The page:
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The Viability of Economic Reform Programs Supported by the International Financial Institutions

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  • Graham Bird

    (University of Surrey)

  • Wolfgang Mayer

    (University of Cincinnati)

  • Alex Mourmouras

    (IMF Institute)

Abstract

In seeking to make programs of economic reform supported by the IFIs more successful it is important to ensure that they are viable. Will governments be persuaded to participate? Will they complete the programs they negotiate? And will the IFIs be prepared to provide the resources? This paper formally analyses the factors influencing viability. It examines the constraints on participation and the need for incentive compatibility. The analysis identifies the threats to viability and the direction that reform should take. It places the effectiveness of programs firmly within a political economy framework and extends recent theories of program implementation by examining participation from the viewpoint of both the governments that demand assistance and the IFIs that supply it.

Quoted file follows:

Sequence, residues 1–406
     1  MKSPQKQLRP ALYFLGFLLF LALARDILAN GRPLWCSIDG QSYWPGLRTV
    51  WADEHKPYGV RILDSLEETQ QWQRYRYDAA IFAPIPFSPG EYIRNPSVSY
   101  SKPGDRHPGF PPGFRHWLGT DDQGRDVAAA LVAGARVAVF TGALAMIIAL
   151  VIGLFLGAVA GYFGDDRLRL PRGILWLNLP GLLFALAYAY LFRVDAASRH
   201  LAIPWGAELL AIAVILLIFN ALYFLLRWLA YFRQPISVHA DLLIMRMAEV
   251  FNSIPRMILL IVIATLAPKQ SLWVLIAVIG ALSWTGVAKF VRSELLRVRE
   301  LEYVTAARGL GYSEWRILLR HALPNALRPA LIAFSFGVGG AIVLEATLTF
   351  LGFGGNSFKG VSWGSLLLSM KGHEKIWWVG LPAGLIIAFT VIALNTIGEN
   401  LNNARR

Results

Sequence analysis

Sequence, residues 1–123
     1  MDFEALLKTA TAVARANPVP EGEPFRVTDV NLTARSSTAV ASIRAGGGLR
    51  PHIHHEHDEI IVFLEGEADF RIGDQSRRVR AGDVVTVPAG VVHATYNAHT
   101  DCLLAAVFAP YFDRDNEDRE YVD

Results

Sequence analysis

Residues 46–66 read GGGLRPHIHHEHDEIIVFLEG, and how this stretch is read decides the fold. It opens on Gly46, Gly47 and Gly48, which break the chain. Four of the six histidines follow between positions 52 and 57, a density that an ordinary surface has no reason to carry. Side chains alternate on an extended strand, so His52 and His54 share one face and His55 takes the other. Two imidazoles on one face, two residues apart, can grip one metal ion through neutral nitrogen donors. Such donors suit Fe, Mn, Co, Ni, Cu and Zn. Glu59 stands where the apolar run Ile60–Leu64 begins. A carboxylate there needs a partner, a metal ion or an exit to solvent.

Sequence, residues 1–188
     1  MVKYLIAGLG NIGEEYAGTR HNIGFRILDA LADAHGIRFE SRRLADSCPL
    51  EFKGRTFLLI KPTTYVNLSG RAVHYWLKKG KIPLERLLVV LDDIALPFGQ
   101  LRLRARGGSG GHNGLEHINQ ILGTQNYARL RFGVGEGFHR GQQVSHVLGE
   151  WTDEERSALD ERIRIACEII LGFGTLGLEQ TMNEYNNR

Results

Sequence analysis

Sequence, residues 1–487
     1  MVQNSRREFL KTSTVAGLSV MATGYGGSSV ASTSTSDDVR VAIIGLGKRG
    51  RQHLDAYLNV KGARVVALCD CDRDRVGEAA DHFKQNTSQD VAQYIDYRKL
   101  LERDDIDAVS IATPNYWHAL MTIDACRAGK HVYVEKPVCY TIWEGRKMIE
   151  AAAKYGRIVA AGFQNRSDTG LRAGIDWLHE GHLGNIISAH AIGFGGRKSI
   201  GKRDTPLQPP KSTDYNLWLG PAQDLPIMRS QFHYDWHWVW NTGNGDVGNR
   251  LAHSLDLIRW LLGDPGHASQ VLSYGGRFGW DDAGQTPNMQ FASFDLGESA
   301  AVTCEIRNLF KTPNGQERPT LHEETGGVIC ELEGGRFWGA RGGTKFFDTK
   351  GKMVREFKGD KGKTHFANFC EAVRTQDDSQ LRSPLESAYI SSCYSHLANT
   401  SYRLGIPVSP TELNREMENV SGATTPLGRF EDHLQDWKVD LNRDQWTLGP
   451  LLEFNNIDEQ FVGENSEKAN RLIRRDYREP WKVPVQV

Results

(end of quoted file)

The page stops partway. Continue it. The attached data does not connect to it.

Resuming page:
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Bibliographic Info

Paper provided by School of Economics, University of Surrey in its series School of Economics Discussion Papers with number 0605.

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Length: 29 pages
Date of creation: Mar 2005
Date of revision:
Handle: RePEc:sur:surrec:0605

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  1. Wolfgang Mayer & Alex Mourmouras, 2005. "On the Viability of Conditional Assistance Programs," IMF Working Papers 05/121, International Monetary Fund.
  2. Grossman, G.M. & Helpman, E., 1992. "Protection for Sale," Papers 21-92, Tel Aviv.
  3. Graham Bird, 2006. "The Implementation of IMF Programs: A Conceptual Framework," School of Economics Discussion Papers 1506, School of Economics, University of Surrey.
  4. Alex Mourmouras & Wolfgang Mayer, 2002. "Vested Interests in a Positive Theory of IFI Conditionality," IMF Working Papers 02/73, International Monetary Fund.
  5. Alex Mourmouras & Anna Ivanova & George C. Anayotos & Wolfgang Mayer, 2003. "What Determines the Implementation of IMF-Supported Programs?," IMF Working Papers 03/8, International Monetary Fund.
  6. Graham Bird & Thomas D Willett, 2004. "IMF Conditionality, Implementation and the New Political Economy of Ownership," Comparative Economic Studies, Palgrave Macmillan, vol. 46(3), pages 423-450, September.
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